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  • Print publication year: 2004
  • Online publication date: March 2008

5 - The development of a professional theatre, 1540–1660



The writing of a theatre history reveals almost as much about contemporary tastes and values as it does about the cultural world of the past. Historians tend to organise their material into familiar explanatory or narrative structures, most often, the rise, the fall and the rise and fall. If we consider the dramatic literature produced during the period 1540–1660, historians from the mid eighteenth century onwards have preferred a story of rise and fall. In their narratives dramatic literature charted an upward trajectory from the primitive dramatic texts of mummings, mysteries and moralities, blossomed into theatre proper embodied by the sophisticated genius of Shakespeare, before collapsing, exhausted, into Cavalier and Caroline degeneracy. An outspoken example of this kind of narrative from the eighteenth century is Chetwood's A Short View of the Rise and Progress of the English Stage (1752). Chetwood cannot mourn the paucity of pre-Shakespearian theatrical literature:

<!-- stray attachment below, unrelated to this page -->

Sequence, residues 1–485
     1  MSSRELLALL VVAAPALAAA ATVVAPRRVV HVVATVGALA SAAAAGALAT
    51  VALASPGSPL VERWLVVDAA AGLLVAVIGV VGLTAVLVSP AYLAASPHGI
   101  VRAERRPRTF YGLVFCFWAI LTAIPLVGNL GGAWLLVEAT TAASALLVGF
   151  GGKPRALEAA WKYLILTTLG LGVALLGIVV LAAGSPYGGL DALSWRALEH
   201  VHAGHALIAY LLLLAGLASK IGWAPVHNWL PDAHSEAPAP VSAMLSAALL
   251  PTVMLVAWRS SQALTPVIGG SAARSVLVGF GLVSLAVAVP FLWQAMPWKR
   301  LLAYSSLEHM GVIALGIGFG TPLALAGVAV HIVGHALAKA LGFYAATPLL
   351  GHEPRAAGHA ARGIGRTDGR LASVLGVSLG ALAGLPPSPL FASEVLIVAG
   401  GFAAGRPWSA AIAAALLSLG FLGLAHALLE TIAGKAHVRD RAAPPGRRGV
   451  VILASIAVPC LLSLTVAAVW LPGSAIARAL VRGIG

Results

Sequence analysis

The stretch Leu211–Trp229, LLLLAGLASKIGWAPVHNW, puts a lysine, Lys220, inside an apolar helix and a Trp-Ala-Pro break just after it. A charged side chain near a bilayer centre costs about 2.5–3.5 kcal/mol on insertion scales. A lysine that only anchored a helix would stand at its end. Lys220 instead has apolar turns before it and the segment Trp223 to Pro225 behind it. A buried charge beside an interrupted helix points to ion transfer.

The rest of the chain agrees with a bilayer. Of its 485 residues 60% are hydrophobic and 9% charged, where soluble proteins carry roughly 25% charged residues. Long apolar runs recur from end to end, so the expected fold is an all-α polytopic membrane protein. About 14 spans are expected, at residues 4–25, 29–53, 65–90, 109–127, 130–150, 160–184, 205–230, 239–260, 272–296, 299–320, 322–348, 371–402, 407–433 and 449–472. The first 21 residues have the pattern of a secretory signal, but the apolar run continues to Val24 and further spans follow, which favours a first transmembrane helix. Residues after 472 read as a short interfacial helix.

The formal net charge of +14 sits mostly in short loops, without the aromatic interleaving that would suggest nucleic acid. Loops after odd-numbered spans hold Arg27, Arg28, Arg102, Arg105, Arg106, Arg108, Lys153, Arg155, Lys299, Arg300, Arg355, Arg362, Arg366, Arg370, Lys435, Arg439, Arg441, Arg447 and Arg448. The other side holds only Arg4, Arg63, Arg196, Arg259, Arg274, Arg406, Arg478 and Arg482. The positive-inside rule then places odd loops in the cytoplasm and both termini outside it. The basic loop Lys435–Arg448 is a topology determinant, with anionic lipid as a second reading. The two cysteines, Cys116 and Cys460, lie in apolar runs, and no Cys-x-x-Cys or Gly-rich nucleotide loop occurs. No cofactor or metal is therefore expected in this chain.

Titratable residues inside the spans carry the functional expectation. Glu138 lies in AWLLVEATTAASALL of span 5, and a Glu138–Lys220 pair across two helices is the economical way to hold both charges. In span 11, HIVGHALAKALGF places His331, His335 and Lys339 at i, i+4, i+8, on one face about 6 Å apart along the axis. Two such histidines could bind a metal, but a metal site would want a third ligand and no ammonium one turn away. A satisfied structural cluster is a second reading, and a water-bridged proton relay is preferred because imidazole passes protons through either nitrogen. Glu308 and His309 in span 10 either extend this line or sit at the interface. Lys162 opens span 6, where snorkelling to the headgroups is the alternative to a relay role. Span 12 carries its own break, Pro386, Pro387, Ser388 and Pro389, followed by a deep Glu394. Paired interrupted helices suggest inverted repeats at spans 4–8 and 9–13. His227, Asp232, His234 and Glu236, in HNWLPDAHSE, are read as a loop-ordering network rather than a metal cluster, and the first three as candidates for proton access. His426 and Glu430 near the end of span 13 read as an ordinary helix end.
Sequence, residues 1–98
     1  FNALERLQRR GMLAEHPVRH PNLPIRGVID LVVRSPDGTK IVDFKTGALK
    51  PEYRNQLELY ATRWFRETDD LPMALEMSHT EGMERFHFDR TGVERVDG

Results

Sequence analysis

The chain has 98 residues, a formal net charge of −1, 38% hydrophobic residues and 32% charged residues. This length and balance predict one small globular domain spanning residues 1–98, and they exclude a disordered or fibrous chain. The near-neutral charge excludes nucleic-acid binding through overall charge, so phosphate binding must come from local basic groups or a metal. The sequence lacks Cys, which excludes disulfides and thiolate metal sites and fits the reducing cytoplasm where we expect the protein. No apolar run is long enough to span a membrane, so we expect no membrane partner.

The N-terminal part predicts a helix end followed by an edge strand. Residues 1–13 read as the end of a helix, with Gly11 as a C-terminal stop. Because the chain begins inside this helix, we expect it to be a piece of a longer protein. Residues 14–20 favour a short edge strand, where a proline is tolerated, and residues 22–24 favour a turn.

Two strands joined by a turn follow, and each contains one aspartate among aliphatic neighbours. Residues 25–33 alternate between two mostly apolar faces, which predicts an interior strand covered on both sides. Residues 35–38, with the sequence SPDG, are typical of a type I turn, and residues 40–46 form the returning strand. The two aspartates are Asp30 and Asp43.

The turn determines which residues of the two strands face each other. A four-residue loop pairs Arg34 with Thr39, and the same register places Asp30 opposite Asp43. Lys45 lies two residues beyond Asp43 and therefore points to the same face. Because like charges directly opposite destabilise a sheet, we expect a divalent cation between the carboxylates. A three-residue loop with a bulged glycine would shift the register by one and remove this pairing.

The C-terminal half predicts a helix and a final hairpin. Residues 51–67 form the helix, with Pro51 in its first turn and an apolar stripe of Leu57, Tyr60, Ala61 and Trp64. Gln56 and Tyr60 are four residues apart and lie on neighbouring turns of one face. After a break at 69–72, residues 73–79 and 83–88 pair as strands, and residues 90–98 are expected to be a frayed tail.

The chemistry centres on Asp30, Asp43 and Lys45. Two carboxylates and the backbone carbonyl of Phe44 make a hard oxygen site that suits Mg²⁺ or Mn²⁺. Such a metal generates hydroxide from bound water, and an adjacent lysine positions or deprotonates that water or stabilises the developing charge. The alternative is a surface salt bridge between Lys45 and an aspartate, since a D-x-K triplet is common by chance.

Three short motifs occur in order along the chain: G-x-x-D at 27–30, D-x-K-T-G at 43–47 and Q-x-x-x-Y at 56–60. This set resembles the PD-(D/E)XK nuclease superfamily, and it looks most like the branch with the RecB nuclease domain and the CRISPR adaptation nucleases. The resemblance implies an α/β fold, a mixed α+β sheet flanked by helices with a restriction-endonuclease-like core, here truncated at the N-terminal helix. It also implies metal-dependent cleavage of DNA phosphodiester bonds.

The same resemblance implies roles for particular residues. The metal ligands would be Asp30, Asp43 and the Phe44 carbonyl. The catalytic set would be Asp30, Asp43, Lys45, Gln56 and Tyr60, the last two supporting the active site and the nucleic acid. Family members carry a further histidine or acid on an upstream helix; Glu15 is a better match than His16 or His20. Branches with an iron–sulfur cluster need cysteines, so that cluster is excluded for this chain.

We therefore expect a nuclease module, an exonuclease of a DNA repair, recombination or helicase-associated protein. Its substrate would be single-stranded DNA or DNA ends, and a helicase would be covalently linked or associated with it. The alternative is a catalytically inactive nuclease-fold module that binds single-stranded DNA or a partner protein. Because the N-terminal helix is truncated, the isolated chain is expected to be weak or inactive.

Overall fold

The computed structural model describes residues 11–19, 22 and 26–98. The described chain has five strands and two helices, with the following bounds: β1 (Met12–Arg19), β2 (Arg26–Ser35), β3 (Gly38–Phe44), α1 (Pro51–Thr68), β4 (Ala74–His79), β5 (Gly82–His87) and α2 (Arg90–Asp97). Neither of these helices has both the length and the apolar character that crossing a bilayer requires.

A more particular knowledge of these Things, any further than as it serves to show… the progressive Refinement of our Language, was so little worth preserving, that the Loss of it is scarce to be regretted… Though Tragedy and Comedy began to lift up their Heads, yet they could do no more for some time than bluster and quibble…

Chetwood had little time for drama before or after Shakespeare and Jonson. While we might smile at his offhand dismissal of swathes of dramatic endeavour, his assessment of dramatic quality employed a model that remained a powerful truism in the literary study of early modern drama.